Martin Classroom

Dr. Ronnie Hiller (left) teaches a class of adult learners at Martin University. The college was founded in 1977 for low-income, minority and adult learners, also known as post-traditional students. (Photo provided) 

As the number of adults pursuing higher education degrees continues increasing, colleges and universities continue to find ways to cater to their needs

Of the 19.9 million students enrolled in college nationwide in fall 2018, 7.6 million were 25 and older, according to the National Center for Education Statistics. And many students who are traditional college age, but face adult-like situations such as raising children or working full time, are also considered adult learners.

To help adult learners, also known as post-traditional students, achieve a degree that will lead to better job opportunities, colleges such as IUPUI and Marian University offer adult study programs while others such as Martin University and Western Governors University (WGU) cater exclusively to post-traditional students. These colleges offer flexible schedules, assistance navigating commitments and classwork to meet students at their knowledge level.

“The majority of our students come from backgrounds that society frowns upon, turns the other cheek, throws away, brands as a hopeless cause or totally isolates,” said Erica Tate, a 34-year-old student at Martin studying social sciences and psychology. “... I’ve heard a range of stories that stem from trauma, abuse as a child and recovering addicts. The backgrounds of our students require a special or nontraditional method of teaching and expectations.”

Dr. Charlesetta Smith Staley, vice president for Academic Affairs at Martin, said a flexible course schedule is crucial for teaching post-traditional students because 90% have work or family commitments. Alison Bell, chancellor of WGU Indiana, noted more than half of her students work full time. To help students with these commitments, schools offer flexible class times during the week and weekend classes as well as online classes.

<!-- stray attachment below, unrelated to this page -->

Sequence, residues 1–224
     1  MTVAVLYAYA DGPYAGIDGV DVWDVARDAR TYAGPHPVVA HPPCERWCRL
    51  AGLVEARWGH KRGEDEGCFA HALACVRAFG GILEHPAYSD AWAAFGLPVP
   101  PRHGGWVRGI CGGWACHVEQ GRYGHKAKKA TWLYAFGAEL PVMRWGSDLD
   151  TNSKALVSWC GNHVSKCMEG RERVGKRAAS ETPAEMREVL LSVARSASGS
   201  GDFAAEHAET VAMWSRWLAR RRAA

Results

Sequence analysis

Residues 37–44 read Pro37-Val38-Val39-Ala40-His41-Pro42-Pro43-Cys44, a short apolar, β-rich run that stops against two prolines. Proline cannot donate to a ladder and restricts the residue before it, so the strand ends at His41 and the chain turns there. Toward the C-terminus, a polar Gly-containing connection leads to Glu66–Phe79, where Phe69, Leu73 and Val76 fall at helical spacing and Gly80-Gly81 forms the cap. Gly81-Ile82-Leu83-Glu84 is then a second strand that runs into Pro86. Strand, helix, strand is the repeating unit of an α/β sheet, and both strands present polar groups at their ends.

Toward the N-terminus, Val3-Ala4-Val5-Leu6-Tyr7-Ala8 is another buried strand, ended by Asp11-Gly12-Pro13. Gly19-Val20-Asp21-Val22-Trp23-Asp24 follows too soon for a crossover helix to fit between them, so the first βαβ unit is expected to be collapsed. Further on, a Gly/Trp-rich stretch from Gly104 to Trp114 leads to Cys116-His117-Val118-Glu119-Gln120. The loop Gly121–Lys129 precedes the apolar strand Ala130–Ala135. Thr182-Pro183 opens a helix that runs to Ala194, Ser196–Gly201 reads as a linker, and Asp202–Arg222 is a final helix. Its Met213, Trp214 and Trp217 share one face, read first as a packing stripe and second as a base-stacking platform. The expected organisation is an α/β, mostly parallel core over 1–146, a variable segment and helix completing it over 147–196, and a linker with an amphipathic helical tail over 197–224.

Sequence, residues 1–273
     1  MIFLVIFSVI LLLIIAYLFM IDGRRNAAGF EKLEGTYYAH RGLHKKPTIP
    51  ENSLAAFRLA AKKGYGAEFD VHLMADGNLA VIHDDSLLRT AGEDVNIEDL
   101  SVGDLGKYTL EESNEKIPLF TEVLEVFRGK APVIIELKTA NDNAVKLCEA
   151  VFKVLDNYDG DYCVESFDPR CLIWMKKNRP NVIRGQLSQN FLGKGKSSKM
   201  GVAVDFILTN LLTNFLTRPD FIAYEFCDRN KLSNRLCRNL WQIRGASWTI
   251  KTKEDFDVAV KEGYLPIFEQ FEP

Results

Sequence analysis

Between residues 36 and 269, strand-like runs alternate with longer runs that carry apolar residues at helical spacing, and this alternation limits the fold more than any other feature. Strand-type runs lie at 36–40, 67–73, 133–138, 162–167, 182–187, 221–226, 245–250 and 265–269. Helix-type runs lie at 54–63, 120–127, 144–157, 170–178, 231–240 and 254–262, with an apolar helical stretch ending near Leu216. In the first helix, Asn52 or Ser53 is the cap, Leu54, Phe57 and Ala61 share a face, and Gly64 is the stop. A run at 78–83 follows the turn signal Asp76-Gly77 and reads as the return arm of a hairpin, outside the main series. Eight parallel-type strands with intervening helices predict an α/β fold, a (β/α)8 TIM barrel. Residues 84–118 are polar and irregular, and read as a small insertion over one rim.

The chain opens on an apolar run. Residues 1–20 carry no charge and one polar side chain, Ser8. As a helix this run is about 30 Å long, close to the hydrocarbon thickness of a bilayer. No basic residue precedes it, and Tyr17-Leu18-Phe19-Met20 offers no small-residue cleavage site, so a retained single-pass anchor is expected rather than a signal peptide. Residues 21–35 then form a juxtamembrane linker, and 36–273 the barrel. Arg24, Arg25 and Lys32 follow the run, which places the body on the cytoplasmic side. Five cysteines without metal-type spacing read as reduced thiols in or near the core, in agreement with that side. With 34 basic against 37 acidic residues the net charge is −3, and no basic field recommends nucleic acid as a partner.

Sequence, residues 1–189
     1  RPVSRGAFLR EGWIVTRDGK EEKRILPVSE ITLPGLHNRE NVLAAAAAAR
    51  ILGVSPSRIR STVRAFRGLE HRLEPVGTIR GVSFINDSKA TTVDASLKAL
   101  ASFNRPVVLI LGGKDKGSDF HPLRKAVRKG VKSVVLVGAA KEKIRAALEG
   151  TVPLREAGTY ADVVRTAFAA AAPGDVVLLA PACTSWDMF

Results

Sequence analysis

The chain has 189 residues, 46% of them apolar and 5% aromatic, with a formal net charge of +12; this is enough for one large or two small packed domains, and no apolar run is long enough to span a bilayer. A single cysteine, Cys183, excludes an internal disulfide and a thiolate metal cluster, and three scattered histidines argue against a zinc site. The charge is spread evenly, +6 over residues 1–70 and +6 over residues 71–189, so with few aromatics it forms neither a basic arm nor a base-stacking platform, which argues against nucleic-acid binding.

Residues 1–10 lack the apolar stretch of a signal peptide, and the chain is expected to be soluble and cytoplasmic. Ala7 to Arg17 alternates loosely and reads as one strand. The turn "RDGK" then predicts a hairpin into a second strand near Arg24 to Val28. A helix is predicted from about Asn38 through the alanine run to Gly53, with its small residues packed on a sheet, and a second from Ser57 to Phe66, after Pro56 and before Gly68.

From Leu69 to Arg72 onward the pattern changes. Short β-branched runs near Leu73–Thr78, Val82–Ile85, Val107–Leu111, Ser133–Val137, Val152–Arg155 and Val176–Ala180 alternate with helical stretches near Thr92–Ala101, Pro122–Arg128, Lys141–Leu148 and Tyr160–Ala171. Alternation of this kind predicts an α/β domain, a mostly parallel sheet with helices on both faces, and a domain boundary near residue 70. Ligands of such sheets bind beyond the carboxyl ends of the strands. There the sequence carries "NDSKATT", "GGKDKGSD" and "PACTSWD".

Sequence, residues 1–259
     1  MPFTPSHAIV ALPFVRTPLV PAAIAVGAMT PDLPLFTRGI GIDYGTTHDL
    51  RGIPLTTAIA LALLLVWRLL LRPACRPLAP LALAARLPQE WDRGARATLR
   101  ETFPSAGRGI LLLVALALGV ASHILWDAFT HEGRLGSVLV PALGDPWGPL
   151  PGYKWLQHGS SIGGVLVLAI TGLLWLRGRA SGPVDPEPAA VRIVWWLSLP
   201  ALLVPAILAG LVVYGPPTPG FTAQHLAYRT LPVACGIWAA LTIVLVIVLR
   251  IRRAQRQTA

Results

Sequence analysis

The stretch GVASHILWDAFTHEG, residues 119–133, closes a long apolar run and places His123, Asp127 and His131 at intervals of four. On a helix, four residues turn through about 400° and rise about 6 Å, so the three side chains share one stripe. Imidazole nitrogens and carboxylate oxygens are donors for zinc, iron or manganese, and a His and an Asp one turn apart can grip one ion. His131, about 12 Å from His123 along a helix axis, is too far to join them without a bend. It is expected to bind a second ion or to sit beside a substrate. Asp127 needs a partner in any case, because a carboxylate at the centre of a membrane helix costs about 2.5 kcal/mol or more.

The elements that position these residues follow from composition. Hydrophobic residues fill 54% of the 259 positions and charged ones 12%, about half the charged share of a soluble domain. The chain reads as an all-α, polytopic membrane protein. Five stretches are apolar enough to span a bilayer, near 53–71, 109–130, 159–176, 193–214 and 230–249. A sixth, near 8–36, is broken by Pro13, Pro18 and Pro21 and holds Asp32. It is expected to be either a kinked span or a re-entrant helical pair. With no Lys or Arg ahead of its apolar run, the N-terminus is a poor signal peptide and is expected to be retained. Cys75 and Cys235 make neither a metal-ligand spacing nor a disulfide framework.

WGU Indiana’s courses are online only. Students can access online classes 24 hours a day, so they can fit their education around nearly any work schedule. 

“I know when I get off of work, I can get on my laptop, open up my course and start working on my material then,” said Michele Freeman, a 37-year-old WGU Indiana student studying nursing. “It allows me more freedom, so I don’t have to worry about changing my work schedule so much to fit my needs.”

Since many of its students are parents, Martin offers the Drop-in Center, a free daycare for children of students. Students majoring in education teach the children lessons alongside licensed teachers. Tate said she would not be able to attend Martin without the Drop-in Center. 

“Being a teen mother, Martin has accommodated me in so many ways with the Drop-in Center,” Tate said. “… [The Drop-in Center] made it possible for me to attend school.”

Unlike traditional college students, who went straight from high school into college, many post-traditional college students haven’t attended school for years. This gap often means they may have forgotten lessons taught in high school and need a refresher before beginning course work for their major, Smith-Staley said. 

Other post-traditional students have a different problem. These students are pursuing a higher degree in their current careers, so they don’t need the introductory level courses. Schools allow students to take competency tests to earn credits and skip the classes, decreasing the time it takes to get a degree.

“In a traditional model of education, they would have to sit through every class that they haven’t taken,” Bell said. “Regardless of if they know the content or not, they have to wait for the entire semester of the course, take all the tests, turn in all the assignments, sit through the lectures of content they already know, and then they get credit.”

The extended absence away from the classroom doesn’t just affect knowledge. It also affects confidence, education officials said. Re-entering the classroom can be intimidating, so professors should encourage adult learners to help them succeed, said Dr. Ronnie Hiller, a professor in the department of humanities and professional studies at Martin.

“Self confidence in our students is another huge factor we zero in on in our computer class,” Hiller said. “Once students get over their fear of technology and realize that it’s an ever-changing learning situation they can understand, they love it.”

Tate said she, like many students at Martin, lacked someone to push her to succeed. Her professors often fill those emotional holes and give adult learners the encouragement to finish their degree. 

“I receive mentorship from various professors, faculty and staff,” Tate said. “It has filled the void that I lacked in my early development. I really feel a motherly and fatherly presence from my mentors.”

Contact staff writer Ben Lashar at 317-762-7848. Follow him on Twitter @BenjaminLashar.

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